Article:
- The Washington Times - Saturday, September 25, 2004

In a nation doctrinally committed to equal opportunity, it should not be conceivable for the government to condition access to a multibillion-dollar industry on an individual’s ethnicity.

Yet California has done exactly that in awarding an exclusive monopoly to Indian tribes to engage in casino-type gaming. The U.S. Supreme Court soon will decide whether to review a court ruling upholding the monopoly in a case with potentially sweeping ramifications for freedom of enterprise in 23 states that allow Indian tribes to conduct Las Vegas-style gaming while excluding all others from the opportunity.

The case presents important constitutional and statutory issues. Under the Indian Gaming Regulatory Act, states are authorized to establish tribal-state compacts to allow casino-style gambling activities on Indian reservations where the state “permits such gaming for any purpose by any person, organization, or entity.”

In 2000, Californians enacted Proposition 1A, which allowed the governor to sign such compacts authorizing tribes to sponsor casino gambling. Two successive governors have done so, signing more than five dozen compacts. So far, 53 tribes have opened casinos, operating tens of thousands of slot machines, with a whopping $5 billion to $6 billion in annual revenues.

It’s a lucrative deal, if you can get it. Trouble is, that deal was limited by the initiative to Indian tribes (though shrewd non-Indian investors stand to profit handsomely as well). The compacts expressly intend creation of a “unique opportunity” for tribes to operate casinos “in an economic environment free from competition… on non-Indian lands in California.”

Setting up exclusive gambling enclaves would seem to conflict squarely with the underlying federal requirement that casinos may be allowed on Indian reservations only in states where such “gambling devices are legal.” In California, it is quite the contrary: Anyone operating such devices outside of Indian reservations faces criminal sanctions.

The law was challenged by a group of California card clubs and charities whose non-casino activities suddenly paled in attractiveness once the tribes started offering slot machines. They have no gripe with Indian tribes opening casinos, but believe the state should apply a single set of rules for gambling, not two — a pre-condition of the federal law.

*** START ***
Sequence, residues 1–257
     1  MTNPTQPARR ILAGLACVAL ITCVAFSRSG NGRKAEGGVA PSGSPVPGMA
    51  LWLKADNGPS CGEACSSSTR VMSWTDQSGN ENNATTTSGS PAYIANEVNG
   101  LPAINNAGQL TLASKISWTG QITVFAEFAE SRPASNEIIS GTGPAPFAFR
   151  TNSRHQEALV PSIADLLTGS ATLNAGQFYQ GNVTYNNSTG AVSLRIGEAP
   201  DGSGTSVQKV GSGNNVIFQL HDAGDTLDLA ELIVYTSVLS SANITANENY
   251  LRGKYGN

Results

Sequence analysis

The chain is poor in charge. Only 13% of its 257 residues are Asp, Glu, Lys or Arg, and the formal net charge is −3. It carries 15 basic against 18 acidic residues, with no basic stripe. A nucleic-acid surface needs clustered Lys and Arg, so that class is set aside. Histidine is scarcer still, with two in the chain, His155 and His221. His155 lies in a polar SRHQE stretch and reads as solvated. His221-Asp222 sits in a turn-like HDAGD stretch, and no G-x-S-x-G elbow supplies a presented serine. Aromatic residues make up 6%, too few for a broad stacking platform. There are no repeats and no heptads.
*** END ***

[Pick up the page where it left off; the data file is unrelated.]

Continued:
But that’s not how the justifiably infamous U.S. 9th Circuit Court of Appeals saw it. Despite legislative history expressing a desire to maintain “free market competition” between tribes and “other state-licensed gaming enterprises,” the court concluded the statute could be interpreted in a way other than its obvious meaning. Its logic went something like this: To permit casinos on Indian reservations, gambling has to be permitted in the state; but if the state decides to permit gambling on reservations, it becomes a state in which gambling is permitted, thereby fulfilling the condition.

The court indulged such a tortured interpretation by supposedly following the so-called “Indian canon,” by which ambiguous statutes relating to tribes are construed for their benefit, to protect a weak and defenseless people who are wards of the nation. But in this context, tribes are anything but weak and defenseless. Between 1998 and 2001, Indian tribes in California spent $114 million on political campaigns; and in 1998 were by far the largest political contributors in the state.

By construing the federal law to allow an exclusive monopoly, the 9th Circuit created a constitutional problem. Tribal preferences are permissible under the equal protection guarantee only if they are reasonably tied to “Congress’ unique obligation toward the Indians.” It is difficult to fathom how extending the exclusive privilege of conducting gambling operations is tied to that “unique obligation.” If economic opportunity is the goal, Congress and states could by that reasoning confer monopoly economic privileges upon tribes for any purpose — not limited to the reservations.

The growing political muscle of Indians and others who profit from their monopoly privileges makes such a scenario more than plausible. Indeed, in the casino context, tribes already operate 348 casinos with total revenues of more than $16 billion in 30 states, only seven of which allow competition from non-Indians. Fueled by such profits, the power to extend economic hegemony into other areas will be exceeded only by the appetite of cash-hungry politicians.

No fair-minded person begrudges Indian tribes the chance to establish profit-making enterprises or to benefit from tax advantages or other attributes of sovereignty. But a state making an entire industry the exclusive economic domain of Indian tribes, thereby placing it off-limits to other citizens, violates the fundamental principle of equal opportunity enshrined in federal law and the United States Constitution.

The specter of corruption and favoritism already has spread to nearly half the states, and there is every economic and political incentive to spread the scheme even wider. This can be avoided and freedom of enterprise preserved only if the Supreme Court steps in and restores the rule of law.

Clint Bolick is a constitutional litigator who has successfully challenged regulatory barriers to enterprise across the U.S.

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